A jury found Dwight Freeman guilty of burglary, aggravated assault, kidnapping, and criminal attempt to commit armed robbery. He was sentenced to terms of incarceration for each count, including a life sentence without parole for kidnapping. Freeman appeals, challenging the admission of identification testimony at trial, the admission of evidence of a prior felony conviction at sentencing, and the subsequent enhancement of the punishment for kidnapping. We find no error on any of the issues raised by Freeman, and therefore, we affirm.
Joann Curl, the victim, testified that on May 27, 1998, at approximately noon, an intruder burst into the office trailer of the trailer park she managed. Curl was inside the trailer where she sometimes lived. Angela Anderson, a new employee and resident of the trailer park, was also there working. Curl testified that the intruder, who was wearing a sweater, a stocking over his head, and white socks on his hands, placed a knife at her throat and demanded money.
The intruder forced Curl into the bedroom where he tied her hands. He instructed Curl to tell Anderson where she kept money, and Curl said it was in her truck. Anderson attempted to search the truck, but it was locked. Moments later, Curl's husband arrived, and the intruder dropped the knife and fled out the front door. Curl called the police. She later found a pillowcase in a bathroom of the trailer.
Anderson pled guilty to her participation in the crimes. At trial, she identified Freeman as the intruder and stated that on the morning of the crimes, he had been at her trailer with her husband, discussing plans to rob Curl. She testified that Freeman had acquired the knife and pillowcase from her house and that the sweater and white socks he wore during the crimes belonged to her husband.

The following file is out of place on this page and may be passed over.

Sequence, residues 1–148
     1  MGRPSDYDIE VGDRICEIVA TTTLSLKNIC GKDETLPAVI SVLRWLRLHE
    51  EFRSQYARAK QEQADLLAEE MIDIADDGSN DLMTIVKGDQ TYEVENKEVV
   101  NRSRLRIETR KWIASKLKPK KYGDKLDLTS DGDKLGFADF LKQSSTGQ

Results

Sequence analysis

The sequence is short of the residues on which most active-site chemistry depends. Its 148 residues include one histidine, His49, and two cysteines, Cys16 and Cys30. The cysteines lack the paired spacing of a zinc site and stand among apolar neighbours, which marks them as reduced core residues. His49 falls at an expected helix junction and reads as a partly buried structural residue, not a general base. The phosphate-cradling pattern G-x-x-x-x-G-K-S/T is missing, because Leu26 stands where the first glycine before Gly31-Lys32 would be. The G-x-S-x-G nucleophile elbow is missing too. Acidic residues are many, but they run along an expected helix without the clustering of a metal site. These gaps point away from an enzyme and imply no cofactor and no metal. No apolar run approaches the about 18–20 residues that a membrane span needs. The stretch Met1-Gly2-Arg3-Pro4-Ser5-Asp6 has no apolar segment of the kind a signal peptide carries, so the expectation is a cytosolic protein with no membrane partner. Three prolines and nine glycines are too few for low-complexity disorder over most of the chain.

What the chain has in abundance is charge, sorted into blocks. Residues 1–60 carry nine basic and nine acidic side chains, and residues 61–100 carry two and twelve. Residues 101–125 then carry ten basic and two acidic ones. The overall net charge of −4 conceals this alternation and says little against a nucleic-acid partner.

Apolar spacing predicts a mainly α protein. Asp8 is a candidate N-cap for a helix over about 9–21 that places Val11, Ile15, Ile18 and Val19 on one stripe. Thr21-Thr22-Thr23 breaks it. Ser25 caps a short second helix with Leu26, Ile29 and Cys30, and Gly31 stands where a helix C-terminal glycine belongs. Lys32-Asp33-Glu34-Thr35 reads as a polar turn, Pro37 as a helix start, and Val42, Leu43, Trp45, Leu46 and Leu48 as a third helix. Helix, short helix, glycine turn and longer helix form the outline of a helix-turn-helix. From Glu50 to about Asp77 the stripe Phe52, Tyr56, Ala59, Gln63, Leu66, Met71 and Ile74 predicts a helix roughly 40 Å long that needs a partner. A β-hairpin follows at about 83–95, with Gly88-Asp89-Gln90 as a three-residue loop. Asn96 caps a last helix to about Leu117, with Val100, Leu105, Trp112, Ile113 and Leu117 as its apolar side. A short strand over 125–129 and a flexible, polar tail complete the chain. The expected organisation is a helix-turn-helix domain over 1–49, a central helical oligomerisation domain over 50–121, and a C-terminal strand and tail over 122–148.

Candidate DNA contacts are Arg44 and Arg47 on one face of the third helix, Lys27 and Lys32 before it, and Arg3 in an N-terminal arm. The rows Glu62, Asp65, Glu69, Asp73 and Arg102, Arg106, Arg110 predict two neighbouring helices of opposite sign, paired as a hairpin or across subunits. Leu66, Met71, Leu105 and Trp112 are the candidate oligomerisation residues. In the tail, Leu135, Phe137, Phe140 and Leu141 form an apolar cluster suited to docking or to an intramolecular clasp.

1. Freeman contends that the trial court erred in overruling his motion to suppress the identification of him by Jo Vickers, who lived next door to Curl's office trailer. Vickers testified that on that day a man rattled the handle of her front door. She looked out and saw him standing on her steps, his head covered by a pillowcase with holes cut out for his eyes. When she screamed for him to leave, the man stepped back, removed the covering from his face, and told Vickers that he thought his sister lived there. Vickers testified that she clearly saw his face.
Vickers watched the man walk to Curl's backyard. She telephoned Curl to warn her of a possible intruder but received no answer. She then called Curl's husband and the police. When Curl's husband drove up blowing his truck's horn, the man ran out of Curl's front door. Vickers testified that as the man ran into nearby woods, he passed her, he looked at her, and she took a good look at him.
Vickers testified that she saw the same man again "ten to fifteen minutes" later at a pasture on the other side of the woods. A police officer had taken her there, and she stated that the man apprehended and held in a one-person showup was the man she had seen earlier. A day or two later, Vickers selected Freeman's photograph from a six-man photographic display. Later that day, she again identified Freeman as she viewed him through a glass at the police station. In this second one-person showup, Freeman wore an orange jumpsuit. At trial, Vickers pointed to Freeman as the man she had seen at her trailer and in the pasture on May 27.
Freeman contends that the two one-person showups were impermissibly suggestive and resulted in misidentifications.